The past is a quite recent shadow, a pillow left after the night, we can still feel it touching the skin. As I go out my steps are counted, I say hello to the dogs, my face is covered. Cars are back, two fire engines scream like red elephants, birds still fly in formation. Humans avoid contacts. Smog. The careless freedom of going and doing has been erased. It was nice to be spensierati. No equivalent in English. More or less: out of the cage of thoughts, bipeds with wings.
We live under the tyranny of not being too puzzling, both to ourselves and others … But above all it is when the pressure to understand is taken off that the most valuable words are spoken or written; the act, the struggle to make oneself intelligible must therefore be some kind of distraction; in psychoanalityc terms, some kind of defense. The words that matter most are the words we don’t understand. ADAM PHILLIPS
When you mentioned Pasolini, dear Isgrò, and it was about revolution: “Only the revolution can save the past,” and you added that today there is no past anymore because we don’t have a real revolution of habits, customs, of the living, you were right… a few years ago! Here we are, a revolution is happening, so far rather a scarecrow with shredded clothes, but the wind blows.
Democracy, al least in the US, where I live, has become the home of institutions fermenting on their foundations, desperately trying to respond to this natural challenge of life or death. I call it ronawave like the chicano members of the LA community. It’s a word with flesh. The whole country quivers with emotion once more dipping fingers into fundamental, violated, human rights. No more quietly appeased.
Erased, erased, erased is the silence.
Every day brings new yellow butterflies on a small tree with yellow flowers.
Los Angeles is home to me. So are Milano, Pisa, Napoli, Venezia, Paris, whose smell I can feel at the distance, just while thinking of them. The ronawave erased borders with no ambiguity: there are none in our souls. History, maybe, could be pushed aside. If a future remains, this present will be a revered past.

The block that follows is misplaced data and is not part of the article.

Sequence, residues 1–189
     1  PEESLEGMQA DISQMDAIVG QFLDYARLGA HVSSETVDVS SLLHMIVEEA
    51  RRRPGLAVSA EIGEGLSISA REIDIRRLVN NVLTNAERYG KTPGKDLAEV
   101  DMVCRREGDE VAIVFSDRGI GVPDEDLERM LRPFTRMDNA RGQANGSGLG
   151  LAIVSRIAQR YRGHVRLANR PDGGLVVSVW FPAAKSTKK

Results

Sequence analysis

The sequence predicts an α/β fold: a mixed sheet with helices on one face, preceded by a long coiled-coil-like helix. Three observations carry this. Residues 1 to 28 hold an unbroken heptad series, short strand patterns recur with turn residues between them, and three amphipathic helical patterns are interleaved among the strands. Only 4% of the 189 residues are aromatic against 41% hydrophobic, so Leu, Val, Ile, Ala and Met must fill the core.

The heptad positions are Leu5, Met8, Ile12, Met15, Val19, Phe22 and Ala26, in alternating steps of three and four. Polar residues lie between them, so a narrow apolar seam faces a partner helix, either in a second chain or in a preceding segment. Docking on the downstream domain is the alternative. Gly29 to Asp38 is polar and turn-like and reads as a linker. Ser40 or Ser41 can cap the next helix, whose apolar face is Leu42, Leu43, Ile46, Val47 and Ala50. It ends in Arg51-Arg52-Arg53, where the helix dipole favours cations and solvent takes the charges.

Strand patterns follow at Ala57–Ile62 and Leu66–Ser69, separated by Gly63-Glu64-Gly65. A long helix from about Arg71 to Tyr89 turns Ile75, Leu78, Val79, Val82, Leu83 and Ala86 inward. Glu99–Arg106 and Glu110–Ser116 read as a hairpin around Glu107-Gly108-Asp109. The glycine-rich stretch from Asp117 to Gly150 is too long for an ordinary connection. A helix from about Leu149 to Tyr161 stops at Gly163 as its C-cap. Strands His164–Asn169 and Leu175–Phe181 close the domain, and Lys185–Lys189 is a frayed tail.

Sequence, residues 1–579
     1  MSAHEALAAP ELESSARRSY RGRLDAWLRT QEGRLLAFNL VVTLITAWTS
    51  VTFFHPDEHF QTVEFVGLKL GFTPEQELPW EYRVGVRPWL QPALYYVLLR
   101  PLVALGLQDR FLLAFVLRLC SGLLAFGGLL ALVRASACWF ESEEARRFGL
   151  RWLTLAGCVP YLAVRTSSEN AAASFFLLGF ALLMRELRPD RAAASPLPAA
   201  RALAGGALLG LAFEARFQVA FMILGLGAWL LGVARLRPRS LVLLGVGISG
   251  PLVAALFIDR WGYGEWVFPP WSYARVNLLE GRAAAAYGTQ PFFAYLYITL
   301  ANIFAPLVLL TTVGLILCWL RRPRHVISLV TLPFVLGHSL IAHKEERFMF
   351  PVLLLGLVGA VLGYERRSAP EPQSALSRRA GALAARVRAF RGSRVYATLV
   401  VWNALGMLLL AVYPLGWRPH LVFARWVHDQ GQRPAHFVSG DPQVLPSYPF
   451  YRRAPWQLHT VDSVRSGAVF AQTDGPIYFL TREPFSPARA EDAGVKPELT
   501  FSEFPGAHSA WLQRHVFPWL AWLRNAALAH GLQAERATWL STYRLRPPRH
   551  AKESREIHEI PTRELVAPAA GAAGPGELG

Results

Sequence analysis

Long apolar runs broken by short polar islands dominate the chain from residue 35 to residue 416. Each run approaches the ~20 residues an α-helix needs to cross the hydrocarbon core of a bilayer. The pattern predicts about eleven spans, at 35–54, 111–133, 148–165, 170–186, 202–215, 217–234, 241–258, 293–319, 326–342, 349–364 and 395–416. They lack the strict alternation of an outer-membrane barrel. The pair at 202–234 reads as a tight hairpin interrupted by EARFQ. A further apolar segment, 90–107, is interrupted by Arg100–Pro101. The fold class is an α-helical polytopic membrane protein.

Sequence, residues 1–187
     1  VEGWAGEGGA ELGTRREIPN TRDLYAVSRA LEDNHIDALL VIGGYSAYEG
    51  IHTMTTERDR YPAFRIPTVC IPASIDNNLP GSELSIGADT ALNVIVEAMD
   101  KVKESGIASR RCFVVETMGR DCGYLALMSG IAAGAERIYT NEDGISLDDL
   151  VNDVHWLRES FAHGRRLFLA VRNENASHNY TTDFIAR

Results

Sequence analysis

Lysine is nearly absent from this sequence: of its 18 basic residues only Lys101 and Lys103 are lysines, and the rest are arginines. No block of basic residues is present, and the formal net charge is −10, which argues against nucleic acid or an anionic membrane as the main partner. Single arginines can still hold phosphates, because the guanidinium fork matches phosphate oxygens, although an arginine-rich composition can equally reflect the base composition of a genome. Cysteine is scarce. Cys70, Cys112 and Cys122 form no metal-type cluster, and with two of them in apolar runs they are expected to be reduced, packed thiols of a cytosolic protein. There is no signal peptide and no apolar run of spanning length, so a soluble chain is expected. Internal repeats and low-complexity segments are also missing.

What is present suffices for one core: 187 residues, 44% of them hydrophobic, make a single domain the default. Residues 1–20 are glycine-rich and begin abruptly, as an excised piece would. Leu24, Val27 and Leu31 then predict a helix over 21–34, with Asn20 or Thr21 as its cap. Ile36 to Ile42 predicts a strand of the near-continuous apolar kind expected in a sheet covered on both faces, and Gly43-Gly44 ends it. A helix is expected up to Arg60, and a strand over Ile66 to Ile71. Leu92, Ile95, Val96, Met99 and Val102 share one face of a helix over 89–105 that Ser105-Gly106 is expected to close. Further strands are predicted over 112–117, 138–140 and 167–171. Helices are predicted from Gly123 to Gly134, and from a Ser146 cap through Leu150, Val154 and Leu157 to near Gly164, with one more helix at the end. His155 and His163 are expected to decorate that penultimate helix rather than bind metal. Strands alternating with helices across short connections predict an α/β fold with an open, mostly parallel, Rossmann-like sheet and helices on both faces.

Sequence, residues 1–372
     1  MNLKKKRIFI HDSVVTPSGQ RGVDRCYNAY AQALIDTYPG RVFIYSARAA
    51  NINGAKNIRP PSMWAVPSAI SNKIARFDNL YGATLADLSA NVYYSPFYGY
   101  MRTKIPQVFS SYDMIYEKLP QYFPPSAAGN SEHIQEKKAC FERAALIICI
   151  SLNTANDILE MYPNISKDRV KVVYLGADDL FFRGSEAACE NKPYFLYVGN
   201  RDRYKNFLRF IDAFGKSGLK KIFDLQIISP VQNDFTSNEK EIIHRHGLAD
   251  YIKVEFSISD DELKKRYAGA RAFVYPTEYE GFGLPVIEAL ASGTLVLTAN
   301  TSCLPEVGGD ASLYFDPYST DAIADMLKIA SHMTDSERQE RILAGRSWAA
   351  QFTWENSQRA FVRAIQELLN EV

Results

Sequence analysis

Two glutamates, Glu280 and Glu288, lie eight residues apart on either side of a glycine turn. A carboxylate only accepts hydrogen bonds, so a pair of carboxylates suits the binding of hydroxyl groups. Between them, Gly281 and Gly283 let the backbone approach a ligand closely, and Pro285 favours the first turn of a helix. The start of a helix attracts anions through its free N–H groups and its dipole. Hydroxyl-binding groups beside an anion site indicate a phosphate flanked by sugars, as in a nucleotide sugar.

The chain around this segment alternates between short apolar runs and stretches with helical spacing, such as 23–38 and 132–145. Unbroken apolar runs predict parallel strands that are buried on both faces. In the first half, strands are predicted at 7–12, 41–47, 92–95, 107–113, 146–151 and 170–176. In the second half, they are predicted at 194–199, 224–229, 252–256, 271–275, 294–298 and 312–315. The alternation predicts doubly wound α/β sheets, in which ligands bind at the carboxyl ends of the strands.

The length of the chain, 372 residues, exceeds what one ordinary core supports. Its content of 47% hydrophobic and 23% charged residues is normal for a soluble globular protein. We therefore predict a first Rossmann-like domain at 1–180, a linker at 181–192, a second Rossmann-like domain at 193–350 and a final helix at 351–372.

Emilio Isgrò, SPINOZA 2002, Acrylic on canvas 120×190 cm Photo: Cristian Castelnuovo
Courtesy Studio Guastalla Arte Moderna e Contemporanea, Milano
A RED STORY by Silvia Guastalla
Heart, imagination, reason. Let’s ask for their help in this time of uncertainty. They’ll listen to us.
This red story by Emilio Isgrò reminds us that life is a space in which anyone can write, with the signs of one’s imagination, and that imagination is a faculty that frees the power of existence and makes us masters of ourselves. For Spinoza, the philosopher who Isgrò makes appear and disappear in this large red color field, imagination is a virtue, not a defect in our minds, if accompanied by analysis.
Imagination, as capacity to think about what doesn’t exist, and reason, that is awareness of reality, are the two poles between which our freedom to be human beings moves. And red is the potent color that symbolizes our ability to use our hearts.
EMILIO ISGRO – LA CANCELLATURA E ALTRI PARTICOLARI, Opere 1966-1993, Catalogue Studio Guastalla Arte Moderna e Contemporanea, Editions Graphis Arte, Milano, 2012
ADAM PHILLIS, Equals. Published by Basic Books, © 2002 by Adam Phillips
*It’s a funny coincidence that precisely these doctrines are an irreverent disguise for the eighteenth century intelligence in a small book written by Montesquieu, L’Histoire véritable. The first (and unique) Italian edition was translated by me, with some words about transmigrations at the end of the book. Elvira Sellerio, A Sicilian publisher, made the book exactly as I asked, and published it in the Blue collection. I was thrilled. The Blue collection was my favorite among very many.
CHARLES-LOUIS DE MONTESQUIEU, Storia vera, Translation and note by Rosanna Albertini, ©Sellerio Editore, Palermo, 1983, 1992.
EDMOND JABES, Le Livre des Questions, © Editions Gallimard, 1963